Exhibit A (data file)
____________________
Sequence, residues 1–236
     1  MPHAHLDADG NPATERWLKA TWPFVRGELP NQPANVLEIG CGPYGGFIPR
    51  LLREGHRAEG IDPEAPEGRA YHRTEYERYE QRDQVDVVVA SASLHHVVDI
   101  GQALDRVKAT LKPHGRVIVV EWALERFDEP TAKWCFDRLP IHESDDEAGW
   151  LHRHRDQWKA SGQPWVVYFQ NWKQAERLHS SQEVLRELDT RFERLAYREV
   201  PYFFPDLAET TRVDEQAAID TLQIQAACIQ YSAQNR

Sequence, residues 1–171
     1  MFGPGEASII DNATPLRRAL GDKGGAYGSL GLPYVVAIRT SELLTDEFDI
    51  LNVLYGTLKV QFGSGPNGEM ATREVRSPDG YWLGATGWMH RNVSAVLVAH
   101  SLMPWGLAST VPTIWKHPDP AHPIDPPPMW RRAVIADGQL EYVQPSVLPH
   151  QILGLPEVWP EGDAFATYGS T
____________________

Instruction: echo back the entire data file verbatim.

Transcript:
Sequence, residues 1–236
     1  MPHAHLDADG NPATERWLKA TWPFVRGELP NQPANVLEIG CGPYGGFIPR
    51  LLREGHRAEG IDPEAPEGRA YHRTEYERYE QRDQVDVVVA SASLHHVVDI
   101  GQALDRVKAT LKPHGRVIVV EWALERFDEP TAKWCFDRLP IHESDDEAGW
   151  LHRHRDQWKA SGQPWVVYFQ NWKQAERLHS SQEVLRELDT RFERLAYREV
   201  PYFFPDLAET TRVDEQAAID TLQIQAACIQ YSAQNR

Sequence, residues 1–171
     1  MFGPGEASII DNATPLRRAL GDKGGAYGSL GLPYVVAIRT SELLTDEFDI
    51  LNVLYGTLKV QFGSGPNGEM ATREVRSPDG YWLGATGWMH RNVSAVLVAH
   101  SLMPWGLAST VPTIWKHPDP AHPIDPPPMW RRAVIADGQL EYVQPSVLPH
   151  QILGLPEVWP EGDAFATYGS T